According to the lawyer, environmental harm is not a very strong claim under
international law and the reason the Californian court is listening to the
Burmese complaint is because of the alleged human rights abuses.
THE NATION: NEB TO GE AHEAD WITH CONTROVERSIAL PIPELINE (abridged)
April 25, 1997
Piyanart Srivalo, The Nation
Premier attempting to sweep opposition aside
THE National Environmental Board (NEB) decided yesterday to push ahead with
the laying of the Yadana natural gas pipeline along its controversial route
in Kanchanaburi, despite strong opposition from local residents.
At a meeting chaired by Deputy Prime Minister Samak Sundaravej, the board
charged environmental groups and local Kanchanaburi residents who oppose the
route of colluding with Burmese dissident groups.
Board members were informed of Prime Minister Chavalit Yongchaiyudh's
decision to establish a committee, chaired by Kanchanaburi's governor, that
will try to negotiate and convince local residents to accept the
multi-billion-dollar Yadana project.
Other ministers and officials attending the meeting included Industry
Minister Korn Dabaransi, Science Minister Yingphan Manasikarn and Saksit
Tridej, secretary-general of the Office of Environmental Policy and Planning.
Korn told the meeting that the route of the 260-kilometre pipeline, from
Baan-I-Taung in Kanchanaburi to a gas-fuelled power plant in Ratchaburi, had
been properly calculated, studied and approved accordingly at various
levels, including governmental.
The Cabinet, he said, had given ''special approval" to the route, which will
cut through a first-class watershed reserve at Huay Kayeng.
Korn said that he has already consulted with Chavalit about the Kanchanaburi
protests, and quoted the premier as saying the demonstrators are actually
''dancing to the tune of Burmese opposition groups".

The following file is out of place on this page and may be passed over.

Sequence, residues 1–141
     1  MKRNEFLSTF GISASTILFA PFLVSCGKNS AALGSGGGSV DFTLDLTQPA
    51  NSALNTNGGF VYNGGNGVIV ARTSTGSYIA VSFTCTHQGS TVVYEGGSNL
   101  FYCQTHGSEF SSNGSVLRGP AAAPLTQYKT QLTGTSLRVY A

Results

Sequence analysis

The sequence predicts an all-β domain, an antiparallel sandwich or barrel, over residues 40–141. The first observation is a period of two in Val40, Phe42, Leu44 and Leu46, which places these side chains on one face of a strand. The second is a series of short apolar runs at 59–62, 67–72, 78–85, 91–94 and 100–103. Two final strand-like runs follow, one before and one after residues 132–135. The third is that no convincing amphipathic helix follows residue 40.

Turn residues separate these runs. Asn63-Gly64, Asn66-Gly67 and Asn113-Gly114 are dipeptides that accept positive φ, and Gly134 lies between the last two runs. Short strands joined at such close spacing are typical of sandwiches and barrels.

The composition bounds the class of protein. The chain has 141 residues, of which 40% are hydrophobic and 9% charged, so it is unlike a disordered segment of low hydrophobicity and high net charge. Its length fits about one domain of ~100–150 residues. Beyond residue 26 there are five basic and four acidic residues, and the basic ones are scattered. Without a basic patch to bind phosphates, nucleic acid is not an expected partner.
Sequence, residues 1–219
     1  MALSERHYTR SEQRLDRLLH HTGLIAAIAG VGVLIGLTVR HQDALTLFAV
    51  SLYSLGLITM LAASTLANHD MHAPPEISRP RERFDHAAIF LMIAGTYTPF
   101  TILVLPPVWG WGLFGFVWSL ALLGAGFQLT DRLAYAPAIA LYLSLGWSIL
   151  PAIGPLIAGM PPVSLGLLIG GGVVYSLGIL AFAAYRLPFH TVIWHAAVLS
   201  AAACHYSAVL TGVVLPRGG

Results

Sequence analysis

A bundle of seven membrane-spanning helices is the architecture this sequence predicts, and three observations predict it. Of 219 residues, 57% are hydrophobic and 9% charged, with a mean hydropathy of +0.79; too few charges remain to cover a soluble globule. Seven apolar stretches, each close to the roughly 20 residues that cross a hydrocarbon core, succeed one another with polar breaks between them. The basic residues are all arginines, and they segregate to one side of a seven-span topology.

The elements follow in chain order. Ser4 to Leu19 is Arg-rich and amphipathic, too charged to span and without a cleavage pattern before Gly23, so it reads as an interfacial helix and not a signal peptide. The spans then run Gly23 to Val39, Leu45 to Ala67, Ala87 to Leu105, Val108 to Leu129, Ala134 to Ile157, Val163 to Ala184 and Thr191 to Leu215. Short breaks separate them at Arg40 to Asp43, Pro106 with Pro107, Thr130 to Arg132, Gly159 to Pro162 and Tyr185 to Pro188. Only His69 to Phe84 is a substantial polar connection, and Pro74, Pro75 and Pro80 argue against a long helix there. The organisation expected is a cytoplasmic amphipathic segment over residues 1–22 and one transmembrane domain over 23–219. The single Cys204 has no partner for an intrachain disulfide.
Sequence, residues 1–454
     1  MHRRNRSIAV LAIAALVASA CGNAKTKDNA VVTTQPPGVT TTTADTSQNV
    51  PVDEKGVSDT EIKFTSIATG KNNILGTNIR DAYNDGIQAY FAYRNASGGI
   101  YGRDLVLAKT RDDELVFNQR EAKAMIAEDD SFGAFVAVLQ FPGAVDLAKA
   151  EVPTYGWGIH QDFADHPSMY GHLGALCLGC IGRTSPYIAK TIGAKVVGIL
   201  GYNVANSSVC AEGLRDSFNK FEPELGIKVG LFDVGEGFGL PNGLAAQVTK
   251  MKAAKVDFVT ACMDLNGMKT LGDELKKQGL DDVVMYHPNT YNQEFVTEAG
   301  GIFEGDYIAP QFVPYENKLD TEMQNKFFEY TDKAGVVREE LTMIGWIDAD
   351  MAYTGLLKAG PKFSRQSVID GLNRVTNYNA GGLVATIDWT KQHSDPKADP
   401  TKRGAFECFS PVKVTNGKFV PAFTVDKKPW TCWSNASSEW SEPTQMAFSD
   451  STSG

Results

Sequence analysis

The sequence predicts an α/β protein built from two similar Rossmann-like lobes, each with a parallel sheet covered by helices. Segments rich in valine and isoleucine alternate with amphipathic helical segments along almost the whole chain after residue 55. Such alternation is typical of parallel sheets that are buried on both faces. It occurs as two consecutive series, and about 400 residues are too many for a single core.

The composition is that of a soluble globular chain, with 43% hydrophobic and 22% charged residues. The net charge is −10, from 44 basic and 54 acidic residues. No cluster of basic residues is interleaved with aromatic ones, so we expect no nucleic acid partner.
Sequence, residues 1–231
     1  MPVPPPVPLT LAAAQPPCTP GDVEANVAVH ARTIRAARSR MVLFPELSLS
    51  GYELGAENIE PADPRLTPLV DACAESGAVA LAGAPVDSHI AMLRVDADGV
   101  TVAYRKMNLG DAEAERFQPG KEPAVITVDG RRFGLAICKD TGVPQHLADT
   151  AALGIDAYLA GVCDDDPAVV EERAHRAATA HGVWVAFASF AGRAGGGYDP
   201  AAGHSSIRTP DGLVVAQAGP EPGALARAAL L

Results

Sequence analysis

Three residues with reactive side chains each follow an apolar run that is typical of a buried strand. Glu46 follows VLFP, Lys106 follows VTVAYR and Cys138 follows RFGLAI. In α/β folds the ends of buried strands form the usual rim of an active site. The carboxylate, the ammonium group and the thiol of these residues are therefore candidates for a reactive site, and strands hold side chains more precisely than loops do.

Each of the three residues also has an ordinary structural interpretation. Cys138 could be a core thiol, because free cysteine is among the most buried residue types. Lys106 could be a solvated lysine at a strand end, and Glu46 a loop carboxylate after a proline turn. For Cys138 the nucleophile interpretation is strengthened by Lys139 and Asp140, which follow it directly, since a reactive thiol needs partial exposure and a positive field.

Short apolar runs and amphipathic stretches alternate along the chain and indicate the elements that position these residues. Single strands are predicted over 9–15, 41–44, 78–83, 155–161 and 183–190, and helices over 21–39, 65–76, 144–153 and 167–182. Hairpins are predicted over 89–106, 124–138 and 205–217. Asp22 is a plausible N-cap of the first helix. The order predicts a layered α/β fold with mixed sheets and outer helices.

Chavalit's view, said the industry minister, was similar to NEB findings,
which stated that non-governmental environmental groups ''were instigating"
the whole campaign because they see the Yadana project as a main financial
source of income for the Burmese junta to buy arms and weapons to suppress
The NEB insisted yesterday that the pipeline's route, carrying natural
offshore gas being bought by the Petroleum Authority of Thailand (PTT), was
correct and legitimate.
It added that the board will strictly control the construction of the
pipeline and the military will also be brought in to ensure work begins and
The officials added that the Yadana project will not be affected by the
imposition of a US economic ban on new American investment in Burma.
BKK POST: BURMA SETS UP FIRST INTERNATIONAL DATA LINK FOR EMAIL
April 23, 1997
SINGAPORE - Singapore Telecom Ltd said it has set up Burma's first
international link for email and computer communications.
State-owned SinGtel said it set up the link last month with Myanmar PTT,
giving companies in Burma access to computer networks in other countries.
Burma military government has outlawed the use of email by private
individuals and companies must register their email and data transfers with
International communications from Burma had been limited to telephone, telex
and telegraph. Use of a fax machine without official permission is
punishable by fines and jail terms. (BP)
THAILAND TIMES: RAMOS-HORTA CALLS FOR EXPULSION OF BURMA FROM THE UNITED NATIONS
April 23, 1997 AFP
BRUSSELS: Burma should be thrown out of the United Nations and
isolated the way apartheid South Africa was in the 1970's and
1980's, Jose Ramos-Horta, the East Timorese Nobel Peace prize
winner, said yesterday.
"The situation in Burma demands action beyond the annual ritual
of the UN General Assembly and CHR (Commission on Human Rights) resolution,"
Ramos Horta told the European Parliament.
"If the international community wishes to move beyond rhetoric
and send a clear signal to the Slorc, the denial of its UN
General Assembly credentials is one course of action to be considered."
Ramos-Horta's appeal followed reports that US President Bill
Clinton is about to approve economic sanctions against Burma.
The United States, the European Union and Norway have all imposed
sanctions on Burma but these have so far been confined to largely
symbolic steps such as visa restrictions on members of the
military junta, the State Law and Order Restoration Council (Slorc).
Ramos Horta went on to denounce those who cited "Asian values"
as an excuse for the failure of countries in the region to meet
universal standards on human rights or as a premise for rejecting